For the first time since its construction 70 years ago, a modernist home designed by famed architect Harry Weese for his sister is now for sale. While he is best known for his large projects — including Chicago’s triangular Metropolitan Correctional Center and the circular Seventeenth Church of Christ, Scientist — along with his advocacy of historic preservation, Weese was no stranger to creating residential designs for his family. He designed a number of homes not only for himself but also for his parents, aunts, and siblings. In 1988, Weese told architectural historian Betty J. Blum, “That’s the only thing an architect can do when he starts out, because no one (except family) will trust him with anything bigger than that.” 

Weese’s sister, Suzanne, along with her then-husband, Robert Drucker, built this custom house in 1954 from Weese’s design. The board-and-batten design, set on half an acre in Wilmette, is priced similarly to other homes in the area at $1.6 million. The home is in the exclusive 170-acre subdivision of Indian Hill Estates, which was partially developed by Suzanne’s father-in-law, Henry W. Drucker, beginning in the 1920s. Architects were commissioned to design fashionable Tudor and Colonial Revival homes in the subdivision — but not Weese. Though Suzanne was concerned about how her traditionally minded neighbors might react, she soon found they were fine with the modern house. 

Throughout the design process, the siblings collaborated to create a functional and comfortable home that combined Weese’s main influences of International Style and Scandinavian architecture. The main exterior features minimal windows and slatted screens to ensure privacy. At just under 3,000 square feet, the five-bedroom, L-shaped residence features a light and airy interior filled with original materials. Some of the architect’s design elements include an open staircase, wood-paneled walls, and a double-sided fireplace — something he used in his own home in Barrington. Another interesting detail: The walls do not reach the ceiling, creating a sense of openness through the space.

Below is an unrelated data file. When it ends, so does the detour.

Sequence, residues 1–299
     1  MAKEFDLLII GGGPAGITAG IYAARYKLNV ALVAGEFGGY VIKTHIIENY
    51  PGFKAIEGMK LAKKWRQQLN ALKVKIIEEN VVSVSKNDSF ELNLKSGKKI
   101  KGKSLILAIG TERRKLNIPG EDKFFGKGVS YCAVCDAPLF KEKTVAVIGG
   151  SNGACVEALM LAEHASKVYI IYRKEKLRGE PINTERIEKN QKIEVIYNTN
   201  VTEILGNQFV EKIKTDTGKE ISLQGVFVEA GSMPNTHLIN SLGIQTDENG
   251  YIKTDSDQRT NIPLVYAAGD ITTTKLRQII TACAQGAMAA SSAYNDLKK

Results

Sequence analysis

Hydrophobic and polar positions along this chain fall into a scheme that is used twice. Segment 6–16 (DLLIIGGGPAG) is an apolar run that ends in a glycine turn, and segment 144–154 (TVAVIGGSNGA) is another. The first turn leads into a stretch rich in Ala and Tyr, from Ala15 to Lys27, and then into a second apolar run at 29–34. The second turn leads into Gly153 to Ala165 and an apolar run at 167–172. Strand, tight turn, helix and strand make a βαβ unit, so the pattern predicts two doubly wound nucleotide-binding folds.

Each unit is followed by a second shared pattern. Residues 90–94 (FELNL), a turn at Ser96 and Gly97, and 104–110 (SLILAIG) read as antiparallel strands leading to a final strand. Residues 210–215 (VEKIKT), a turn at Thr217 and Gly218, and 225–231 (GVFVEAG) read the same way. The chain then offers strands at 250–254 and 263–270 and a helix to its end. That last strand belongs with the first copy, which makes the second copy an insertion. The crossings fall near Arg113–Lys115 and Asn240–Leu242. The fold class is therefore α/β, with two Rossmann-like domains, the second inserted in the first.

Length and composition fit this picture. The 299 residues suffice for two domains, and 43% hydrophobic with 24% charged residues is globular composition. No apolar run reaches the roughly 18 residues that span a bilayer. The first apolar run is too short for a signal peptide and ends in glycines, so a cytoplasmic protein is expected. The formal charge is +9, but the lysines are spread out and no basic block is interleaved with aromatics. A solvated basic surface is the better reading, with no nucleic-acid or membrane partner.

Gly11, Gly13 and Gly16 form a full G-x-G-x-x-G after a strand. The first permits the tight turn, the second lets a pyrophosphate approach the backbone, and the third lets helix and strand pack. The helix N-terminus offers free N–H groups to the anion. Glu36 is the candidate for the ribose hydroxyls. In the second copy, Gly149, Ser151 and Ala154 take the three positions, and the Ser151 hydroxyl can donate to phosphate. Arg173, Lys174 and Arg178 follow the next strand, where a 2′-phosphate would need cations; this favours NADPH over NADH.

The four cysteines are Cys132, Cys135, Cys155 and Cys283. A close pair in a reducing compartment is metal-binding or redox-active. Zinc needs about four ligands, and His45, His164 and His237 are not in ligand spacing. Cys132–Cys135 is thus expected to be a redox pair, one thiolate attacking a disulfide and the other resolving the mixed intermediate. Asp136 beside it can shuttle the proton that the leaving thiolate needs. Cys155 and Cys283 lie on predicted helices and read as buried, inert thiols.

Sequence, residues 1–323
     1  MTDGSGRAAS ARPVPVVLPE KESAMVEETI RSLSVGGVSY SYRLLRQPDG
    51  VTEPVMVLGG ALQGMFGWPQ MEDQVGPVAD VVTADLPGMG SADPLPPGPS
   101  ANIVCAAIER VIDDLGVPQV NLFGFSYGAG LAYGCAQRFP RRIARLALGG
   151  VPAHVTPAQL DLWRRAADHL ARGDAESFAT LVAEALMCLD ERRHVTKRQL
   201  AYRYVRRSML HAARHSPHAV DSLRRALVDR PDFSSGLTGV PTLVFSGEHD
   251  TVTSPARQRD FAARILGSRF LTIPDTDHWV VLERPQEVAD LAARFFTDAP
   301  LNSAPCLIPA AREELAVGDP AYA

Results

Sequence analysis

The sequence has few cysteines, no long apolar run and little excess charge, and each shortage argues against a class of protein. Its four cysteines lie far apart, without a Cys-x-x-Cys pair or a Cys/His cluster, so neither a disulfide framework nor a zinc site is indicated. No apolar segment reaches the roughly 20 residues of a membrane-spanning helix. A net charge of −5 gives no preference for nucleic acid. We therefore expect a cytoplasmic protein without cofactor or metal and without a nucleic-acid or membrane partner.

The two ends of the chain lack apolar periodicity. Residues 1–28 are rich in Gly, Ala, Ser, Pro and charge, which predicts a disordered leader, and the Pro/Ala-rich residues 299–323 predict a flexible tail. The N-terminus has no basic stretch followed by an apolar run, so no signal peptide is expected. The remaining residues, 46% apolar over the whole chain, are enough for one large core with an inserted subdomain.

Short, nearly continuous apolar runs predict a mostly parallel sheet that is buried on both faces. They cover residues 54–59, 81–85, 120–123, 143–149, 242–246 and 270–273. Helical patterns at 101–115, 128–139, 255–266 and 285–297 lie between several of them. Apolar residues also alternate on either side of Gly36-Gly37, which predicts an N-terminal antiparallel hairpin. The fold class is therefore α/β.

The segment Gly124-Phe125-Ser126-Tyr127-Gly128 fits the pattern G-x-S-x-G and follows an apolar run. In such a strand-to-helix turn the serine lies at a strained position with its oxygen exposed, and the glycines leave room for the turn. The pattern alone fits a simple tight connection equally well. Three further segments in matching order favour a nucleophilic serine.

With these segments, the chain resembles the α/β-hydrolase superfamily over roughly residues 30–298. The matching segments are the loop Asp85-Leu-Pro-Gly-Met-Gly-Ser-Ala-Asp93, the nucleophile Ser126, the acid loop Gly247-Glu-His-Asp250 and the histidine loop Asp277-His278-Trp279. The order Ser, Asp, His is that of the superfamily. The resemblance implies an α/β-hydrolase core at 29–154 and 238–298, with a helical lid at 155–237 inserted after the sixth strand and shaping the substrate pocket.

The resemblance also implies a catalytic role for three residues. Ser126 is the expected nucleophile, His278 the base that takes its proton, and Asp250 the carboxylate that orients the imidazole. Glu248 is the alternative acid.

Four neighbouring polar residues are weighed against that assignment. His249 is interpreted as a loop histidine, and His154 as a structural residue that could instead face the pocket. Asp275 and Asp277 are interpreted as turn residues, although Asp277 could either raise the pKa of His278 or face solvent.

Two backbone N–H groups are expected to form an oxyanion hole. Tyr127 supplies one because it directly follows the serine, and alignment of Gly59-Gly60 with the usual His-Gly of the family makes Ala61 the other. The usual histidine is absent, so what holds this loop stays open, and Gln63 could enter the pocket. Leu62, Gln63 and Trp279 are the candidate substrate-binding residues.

Weese used passive solar design, with terra cotta flooring along with walls of south-facing windows to help capture heat from the sun. The galley kitchen has glass cabinets and a fold-down countertop that opens up to a screened courtyard. Another architect sibling, their brother Ben, designed a compatible second-floor addition in 1963 for the Druckers’ growing family. Several decades later, Weese was still advising his family on the maintenance of the future landmark. 

Though Harry Weese had a long career as an architect before his death in 1998, his lasting legacy will be as a preservationist. He saved and restored the Auditorium Building, predicted the resurgence of the South Loop as he bought and converted old industrial lofts in Printer’s Row, and led efforts to protect the city’s elevated train tracks from demolition. His brother Ben, who passed away last month, followed a similar path, founding what is now the Chicago Architecture Center in order to rescue the John J. Glessner House. Just like her brothers, Suzanne Drucker ensured the protection of her unique residence for future generations: The Wilmette house is an officially recognized local landmark and listed on the National Register of Historic Places. She resided here until her death last November at the age of 100. Six months later, her five children are selling it. Here’s hoping the new owners will appreciate its history and design as much as the Weese family did.